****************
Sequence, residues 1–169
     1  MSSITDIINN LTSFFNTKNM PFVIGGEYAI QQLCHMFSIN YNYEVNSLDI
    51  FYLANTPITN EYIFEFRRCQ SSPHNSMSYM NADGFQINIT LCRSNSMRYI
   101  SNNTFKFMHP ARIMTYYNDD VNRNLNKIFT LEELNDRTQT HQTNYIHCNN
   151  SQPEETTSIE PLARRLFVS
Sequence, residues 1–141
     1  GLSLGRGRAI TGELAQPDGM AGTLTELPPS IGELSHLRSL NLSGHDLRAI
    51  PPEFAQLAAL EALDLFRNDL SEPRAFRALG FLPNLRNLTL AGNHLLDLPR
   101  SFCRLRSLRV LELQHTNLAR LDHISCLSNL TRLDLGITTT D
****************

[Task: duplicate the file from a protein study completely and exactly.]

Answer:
Sequence, residues 1–169
     1  MSSITDIINN LTSFFNTKNM PFVIGGEYAI QQLCHMFSIN YNYEVNSLDI
    51  FYLANTPITN EYIFEFRRCQ SSPHNSMSYM NADGFQINIT LCRSNSMRYI
   101  SNNTFKFMHP ARIMTYYNDD VNRNLNKIFT LEELNDRTQT HQTNYIHCNN
   151  SQPEETTSIE PLARRLFVS
Sequence, residues 1–141
     1  GLSLGRGRAI TGELAQPDGM AGTLTELPPS IGELSHLRSL NLSGHDLRAI
    51  PPEFAQLAAL EALDLFRNDL SEPRAFRALG FLPNLRNLTL AGNHLLDLPR
   101  SFCRLRSLRV LELQHTNLAR LDHISCLSNL TRLDLGITTT D